WSU Tree Fruit Research & Extension Center

Postharvest Information Network

Sunday, July 31, 2016

WSU-TFREC/Postharvest Information Network/Carbon Monoxide in Storage Rooms and Packing Houses



Carbon Monoxide in Storage Rooms and Packing Houses


Introduction

Carbon monoxide is a colorless, odorless, very poisonous gas formed by the incomplete burning of fuel. It is introduced into packinghouses and storage rooms by forklifts, recirculating oxygen burners of the ARCAT or COB type, as well as some other equipment. Carbon monoxide has a relatively small molecular diameter allowing it to permeate walls, pipe joints, etc., and leak into an adjoining working environment.


Danger

The affect of carbon monoxide on humans is the result of both the concentration and the length of exposure to the gas. As the dosage is increased the response ranges from a shortness of breath to headache to possible nausea and finally to death. Table 1 summarizes the effects of carbon monoxide at various concentrations in normal air. Keep in mind that 50 ppm is a very small amount, so even small leaks could become dangerous.

The propane fuelled forklift provides most of the carbon monoxide found in fruit warehouses. Forklift drivers are most susceptible to carbon monoxide injury. There are several things which can be done to minimize the risk of injury to personnel.


Equipment

  • Use of electric forklifts should be explored. Over a 10 year period the cost of an electric fork lift should be equal to that of a propane fork lift.

  • Add a catalytic converter (PTX muffler) to existing propane powered lift trucks. This will appreciably reduce emissions of carbon monoxide. An effective catalytic converter can remove 90-99% of the carbon monoxide and make the truck safer to use. Forklift engines should be allowed to reach operating temperature before being used in a confined space.

  • Forklifts should be properly tuned by a knowledgeable technician. Drivers should not be allowed to change adjustments on their lift trucks. The performance of lift trucks with catalytic converters should be checked with Kitagawa or MSA indicator tubes or electronic carbon monoxide detectors. Tuning should be done on a regular basis.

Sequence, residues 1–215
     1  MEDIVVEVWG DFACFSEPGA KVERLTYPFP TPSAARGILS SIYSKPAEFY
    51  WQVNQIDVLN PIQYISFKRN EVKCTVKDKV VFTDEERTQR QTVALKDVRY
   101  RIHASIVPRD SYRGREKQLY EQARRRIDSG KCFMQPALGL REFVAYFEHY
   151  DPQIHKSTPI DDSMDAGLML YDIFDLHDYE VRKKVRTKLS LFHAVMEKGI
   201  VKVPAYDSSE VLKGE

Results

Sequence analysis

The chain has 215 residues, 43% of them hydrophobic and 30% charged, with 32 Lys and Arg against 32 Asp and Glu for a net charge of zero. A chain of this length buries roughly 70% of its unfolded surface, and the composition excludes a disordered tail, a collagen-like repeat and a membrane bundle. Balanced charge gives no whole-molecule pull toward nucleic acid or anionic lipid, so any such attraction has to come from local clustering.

Management

  • Forklift drivers should not work in a storage room for extended periods. For example, it is poor policy to have a single driver stacking bins which are brought into the room by other drivers. This may lead to an over exposure for the individual in the room.

  • Personnel protection badges are available for monitoring carbon monoxide exposure. The indicator on the badge changes color when accumulated carbon monoxide exposure approaches the danger level during an 8 hour shift. Badges must be changed regularly. (Available from Lab Safety Supply, PO Box 1368, Janesville Wisconsin 53547. 1-800-356-0783. Item B1508-7)

  • The work area should be well ventilated in order to reduce the rate at which carbon monoxide accumulates. Fans should be kept running in storage rooms. In rooms with plastic strip curtains, consider removing several (2 or more) flaps to improve ventilation.

  • Energy saving door closers and drive through curtains reduce fresh air infiltration into storage rooms by a factor of four when compared to open doors. When such energy saving methods are used the carbon monoxide concentrations are increased by a similar proportion. Workers should spend as little time as possible in these rooms and be especially aware of over-exposure. The use of carbon monoxide badges warns against over-exposure.

  • Carbon monoxide accumulates first at the top of the room. Be careful after suddenly turning on fans.

  • Gasoline powered lift trucks should never be used in storage rooms or packing areas.

  • Do not allow any forklift to run at idle for an extended period within a confined space.

Dr. Eugene Kupferman(1) and Henry Waelti(2)

(1)WSU Tree Fruit Research and Extension Center
1100 N. Western Ave., Wenatchee, WA 98801
Kupfer@wsu.edu
(2)Extension Agricultural Engineer, Cooperative Extension, Washington State University, Pullman, WA

Post Harvest Pomology Newsletter, 2(1):14-16
February 1984

Tree Fruit Research & Extension Center, 1100 N Western Ave, Washington State University, Wenatchee WA 98801, 509-663-8181, Contact Us